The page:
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Could Ancient Roman Concrete Stop Rising Seas?

Posted on Sep, 4, 2017
Contributed to WCHV by WCHV
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The recent events and flooding of Texas and Louisiana coasts are further evidence that sea levels rise and shorelines erode and our shores and coastal regions are continuously impacted by water.  Two thousand years ago, Romans constructed vast sea walls and harbor piers. The concrete they used outlasted the Roman Empire and we still see evidence of that around us.

Today,  the modern concrete that we use in our buildings could corrode within decades but the materials that the Romans used was a marvel of engineering according to experts and engineers.  DuPont engineers have examined the material and believe that what the Romans built has been the most durable building material in human history according to an article published last month (July 2017) in the Washington Post and several other news outlets.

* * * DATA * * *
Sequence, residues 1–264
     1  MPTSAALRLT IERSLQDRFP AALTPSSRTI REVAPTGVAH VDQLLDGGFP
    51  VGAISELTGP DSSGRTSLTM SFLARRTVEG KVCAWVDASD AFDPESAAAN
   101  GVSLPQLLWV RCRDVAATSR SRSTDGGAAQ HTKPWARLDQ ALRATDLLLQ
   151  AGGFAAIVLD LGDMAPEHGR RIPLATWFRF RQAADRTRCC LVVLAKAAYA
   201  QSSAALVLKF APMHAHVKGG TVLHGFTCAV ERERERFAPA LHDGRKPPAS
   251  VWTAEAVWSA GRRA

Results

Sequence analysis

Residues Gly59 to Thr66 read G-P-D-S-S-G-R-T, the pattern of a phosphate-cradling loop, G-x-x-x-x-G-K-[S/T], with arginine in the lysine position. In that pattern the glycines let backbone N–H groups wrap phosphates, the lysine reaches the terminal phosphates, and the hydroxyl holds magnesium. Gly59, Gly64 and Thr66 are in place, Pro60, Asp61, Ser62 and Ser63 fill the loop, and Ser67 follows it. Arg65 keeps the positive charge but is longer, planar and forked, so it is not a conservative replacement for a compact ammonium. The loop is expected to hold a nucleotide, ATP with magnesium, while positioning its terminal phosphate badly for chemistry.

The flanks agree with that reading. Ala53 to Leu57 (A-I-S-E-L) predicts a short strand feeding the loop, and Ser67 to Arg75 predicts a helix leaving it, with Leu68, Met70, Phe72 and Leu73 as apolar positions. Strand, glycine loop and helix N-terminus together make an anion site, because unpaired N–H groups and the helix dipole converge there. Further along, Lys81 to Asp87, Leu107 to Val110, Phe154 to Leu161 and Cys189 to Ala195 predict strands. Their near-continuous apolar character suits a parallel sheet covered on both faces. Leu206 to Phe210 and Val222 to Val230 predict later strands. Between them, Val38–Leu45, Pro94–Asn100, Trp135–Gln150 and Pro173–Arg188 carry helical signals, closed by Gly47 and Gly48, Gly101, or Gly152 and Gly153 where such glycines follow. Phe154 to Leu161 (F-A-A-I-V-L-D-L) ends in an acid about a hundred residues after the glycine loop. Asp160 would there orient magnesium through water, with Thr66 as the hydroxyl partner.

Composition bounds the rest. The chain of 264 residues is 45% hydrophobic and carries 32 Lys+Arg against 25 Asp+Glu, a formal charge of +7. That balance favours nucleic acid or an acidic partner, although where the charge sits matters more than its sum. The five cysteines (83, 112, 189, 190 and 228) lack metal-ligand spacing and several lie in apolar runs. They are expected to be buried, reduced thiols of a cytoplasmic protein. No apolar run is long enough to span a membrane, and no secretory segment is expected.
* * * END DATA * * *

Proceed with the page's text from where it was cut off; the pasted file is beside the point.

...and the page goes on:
Therefore, the mystery is what the Romans made the ancient concrete from (what is the recipe) and how they made it.  According to a scientific paper published in the Journal of American Mineralogists, a team of University of Utah scientists have examined the concrete and believe that the rocklike concrete behaves very much like volcanic deposits. Roman concrete is filled with tiny growing crystals. The crystals, like tiny armor plates, may keep the concrete from fracturing as the scientists report. The scientists subjected the concrete samples to a battery of advanced imaging techniques and spectroscopic tests. The tests revealed a rare chemical reaction, with aluminous tobermorite crystals growing out of another mineral called phillipsite.  However, the big surprise was that the recipe needed a key ingredient and that proved to be sea water.  The experts believe that as the seawater percolated within the tiny cracks in the Roman concrete, it reacted with the phillipsite naturally found in the volcanic rock and created the tobermorite crystals.

 

The question now is if we can learn from this study and what we have learned about the ancient Roman concrete and build better future concrete to protect our cities and shorelines.

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